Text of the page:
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A little framework for doing web applications

Project description

A little framework for doing web applications

Usage

Steinie is built around the concept of routes. Your application is made up of one or more routes that guide the web request through your code. Let’s start with the simplest of simple, the Hello World web application.

from steinie import Steinie
app = Steinie()


@app.get("/")
def get(request, response):
    return "Hello World, from Steinie!\n"


if __name__ == "__main__":
    app.run()

You can run this directly using python if you save this to a file. This starts up a simple development server on port 5151 that responds to the / route on your local computer. Give it a try.

Steinie uses Werkzeug for handling its routes. This means all of your familiar route patterns are available to you inside Steinie.

Steinie has built-in decorators for GET and POST along with DELETE, HEAD, INFO, OPTIONS, PATCH, PUT, and TRACE.

Dealing with Parameters

Another common need is to provide parameters to your web application. Lets say you wanted to add a username to your path, but you wanted it capitalized (bear with me for a minute), you can do that with the param decorator like this:

from steinie import Steinie

app = Steinie()


@app.param("username")
def capitalize(param):
    return param.capitalize()


@app.get("/<username:some_user>")
def handler(request, response):
    return "Hello, %s\n" % request.params["some_user"]


if __name__ == "__main__":
    app.run()

Using the param decorator, you specify the name of the parameter you want to create, then you provide a function specifying what you want to do. You can run this example, then load http://localhost:5151/alice and it will respond with “Hello, Alice!”

If you’re familiar with Flask’s (and by extension, Werkzeug’s) converters this might look very familiar. Again, building off of the Werkzeug base, much of what’s provided here mimics what you might already be used to.

Now that you’ve seen the basic example, imagine instead if your created a function that loads a user object from your database and returns that. Using the params decorator, you can start to turn basic parameters from your incoming request into something that matches the way you’ve modeled your actual application.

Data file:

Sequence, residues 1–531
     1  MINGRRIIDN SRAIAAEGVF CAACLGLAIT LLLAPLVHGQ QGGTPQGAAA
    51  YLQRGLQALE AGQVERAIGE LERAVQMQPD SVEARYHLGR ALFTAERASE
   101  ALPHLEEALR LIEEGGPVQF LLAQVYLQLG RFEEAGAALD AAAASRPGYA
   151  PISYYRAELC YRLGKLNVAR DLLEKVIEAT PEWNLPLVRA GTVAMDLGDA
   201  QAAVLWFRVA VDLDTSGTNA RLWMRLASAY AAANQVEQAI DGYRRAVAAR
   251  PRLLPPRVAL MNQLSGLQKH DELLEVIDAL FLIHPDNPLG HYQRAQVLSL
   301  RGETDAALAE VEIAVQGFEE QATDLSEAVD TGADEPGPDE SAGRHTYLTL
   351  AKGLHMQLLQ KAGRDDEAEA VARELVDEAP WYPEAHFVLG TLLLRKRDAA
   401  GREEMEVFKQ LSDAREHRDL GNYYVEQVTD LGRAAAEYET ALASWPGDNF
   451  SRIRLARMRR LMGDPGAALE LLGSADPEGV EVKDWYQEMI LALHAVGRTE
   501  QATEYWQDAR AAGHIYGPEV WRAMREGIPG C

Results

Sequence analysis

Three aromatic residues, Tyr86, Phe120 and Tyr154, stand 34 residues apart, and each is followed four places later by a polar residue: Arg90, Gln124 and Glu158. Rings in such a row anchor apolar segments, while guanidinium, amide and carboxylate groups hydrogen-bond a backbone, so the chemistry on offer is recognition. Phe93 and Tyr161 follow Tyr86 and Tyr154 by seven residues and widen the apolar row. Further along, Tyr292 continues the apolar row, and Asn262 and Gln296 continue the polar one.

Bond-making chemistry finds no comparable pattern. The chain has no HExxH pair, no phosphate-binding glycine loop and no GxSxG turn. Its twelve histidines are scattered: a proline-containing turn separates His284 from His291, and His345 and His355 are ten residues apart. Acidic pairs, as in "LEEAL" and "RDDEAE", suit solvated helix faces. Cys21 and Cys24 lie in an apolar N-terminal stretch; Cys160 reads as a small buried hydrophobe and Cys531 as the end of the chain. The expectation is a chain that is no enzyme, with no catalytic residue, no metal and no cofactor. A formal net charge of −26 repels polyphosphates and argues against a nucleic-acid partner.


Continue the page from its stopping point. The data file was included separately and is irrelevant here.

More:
Grouping routes and parameters

You might be wondering how this scales. A single file with a ton of decorated functions sound pretty unwieldy to me. Thankfully, Steinie provides a way to break up your functionality into logical parts through what it calls a Router.

Let’s enhance the example above. Most of what’s there relates to users, so we’re going to create a new Route, then mount it to /user.

First, adjust the import statement so it looks like this:

from steinie import Steinie, Router

Next, create a new route object from the Router and adjust your two decorated functions to use that. It should look like this:

route = Router()


@route.param("username")
def capitalize(param):
    return param.capitalize()


@route.get("/<username:some_user>")
def handler(request, response):
    return "Hello, %s\n" % request.params["some_user"]

Finally, you need to modify your app object to use this your new route. You do that with the aptly named use method like this:

app.use("/user", route)

Save your work, fire up your code, then visit your server again. If you try to go to http://localhost:5151/alice again you’ll get a 404. Instead, you need to add /user to the URL so it looks like this: http://localhost:5151/user/alice.

Dealing with Middleware

There’s one more part to becoming an expert in Steine: Middleware. Middleware gives you a chance to modify the request or response for every incoming request.